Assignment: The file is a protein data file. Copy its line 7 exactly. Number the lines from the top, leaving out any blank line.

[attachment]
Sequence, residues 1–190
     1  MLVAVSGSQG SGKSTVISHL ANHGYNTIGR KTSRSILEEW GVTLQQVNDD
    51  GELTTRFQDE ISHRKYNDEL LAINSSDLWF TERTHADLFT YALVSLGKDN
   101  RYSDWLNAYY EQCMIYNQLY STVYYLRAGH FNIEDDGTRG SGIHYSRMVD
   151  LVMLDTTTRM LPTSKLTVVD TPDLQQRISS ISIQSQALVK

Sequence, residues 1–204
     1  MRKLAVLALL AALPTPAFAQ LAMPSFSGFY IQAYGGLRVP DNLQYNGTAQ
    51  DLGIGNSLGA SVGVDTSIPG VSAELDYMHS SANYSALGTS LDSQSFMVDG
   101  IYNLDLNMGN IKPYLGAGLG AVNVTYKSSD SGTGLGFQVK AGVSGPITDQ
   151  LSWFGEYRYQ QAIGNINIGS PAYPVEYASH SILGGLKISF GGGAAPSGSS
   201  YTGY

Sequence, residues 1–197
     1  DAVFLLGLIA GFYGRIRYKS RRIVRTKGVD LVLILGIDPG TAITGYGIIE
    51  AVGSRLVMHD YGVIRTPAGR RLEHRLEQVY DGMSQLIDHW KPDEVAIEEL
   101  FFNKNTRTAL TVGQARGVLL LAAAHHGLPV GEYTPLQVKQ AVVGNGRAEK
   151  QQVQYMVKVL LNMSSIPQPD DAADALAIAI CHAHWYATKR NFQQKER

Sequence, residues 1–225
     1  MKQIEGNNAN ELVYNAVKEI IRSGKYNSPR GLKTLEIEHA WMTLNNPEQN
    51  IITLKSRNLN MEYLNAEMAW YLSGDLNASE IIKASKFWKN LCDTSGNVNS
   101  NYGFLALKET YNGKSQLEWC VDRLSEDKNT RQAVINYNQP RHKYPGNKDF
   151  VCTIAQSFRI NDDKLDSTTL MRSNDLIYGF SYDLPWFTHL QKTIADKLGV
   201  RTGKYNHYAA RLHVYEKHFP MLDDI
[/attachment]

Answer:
     1  MRKLAVLALL AALPTPAFAQ LAMPSFSGFY IQAYGGLRVP DNLQYNGTAQ